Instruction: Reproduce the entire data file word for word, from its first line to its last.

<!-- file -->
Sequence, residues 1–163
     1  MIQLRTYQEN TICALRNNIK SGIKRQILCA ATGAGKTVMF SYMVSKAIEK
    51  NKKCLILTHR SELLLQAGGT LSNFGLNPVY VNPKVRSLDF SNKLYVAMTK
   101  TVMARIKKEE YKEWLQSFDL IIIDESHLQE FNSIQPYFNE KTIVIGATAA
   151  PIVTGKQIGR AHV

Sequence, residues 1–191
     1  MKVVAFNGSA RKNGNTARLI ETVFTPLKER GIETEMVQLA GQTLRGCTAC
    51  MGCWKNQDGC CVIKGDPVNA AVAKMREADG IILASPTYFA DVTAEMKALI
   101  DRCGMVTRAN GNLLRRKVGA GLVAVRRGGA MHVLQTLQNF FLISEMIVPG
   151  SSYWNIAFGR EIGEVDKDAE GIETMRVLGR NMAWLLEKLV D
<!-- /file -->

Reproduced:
Sequence, residues 1–163
     1  MIQLRTYQEN TICALRNNIK SGIKRQILCA ATGAGKTVMF SYMVSKAIEK
    51  NKKCLILTHR SELLLQAGGT LSNFGLNPVY VNPKVRSLDF SNKLYVAMTK
   101  TVMARIKKEE YKEWLQSFDL IIIDESHLQE FNSIQPYFNE KTIVIGATAA
   151  PIVTGKQIGR AHV

Sequence, residues 1–191
     1  MKVVAFNGSA RKNGNTARLI ETVFTPLKER GIETEMVQLA GQTLRGCTAC
    51  MGCWKNQDGC CVIKGDPVNA AVAKMREADG IILASPTYFA DVTAEMKALI
   101  DRCGMVTRAN GNLLRRKVGA GLVAVRRGGA MHVLQTLQNF FLISEMIVPG
   151  SSYWNIAFGR EIGEVDKDAE GIETMRVLGR NMAWLLEKLV D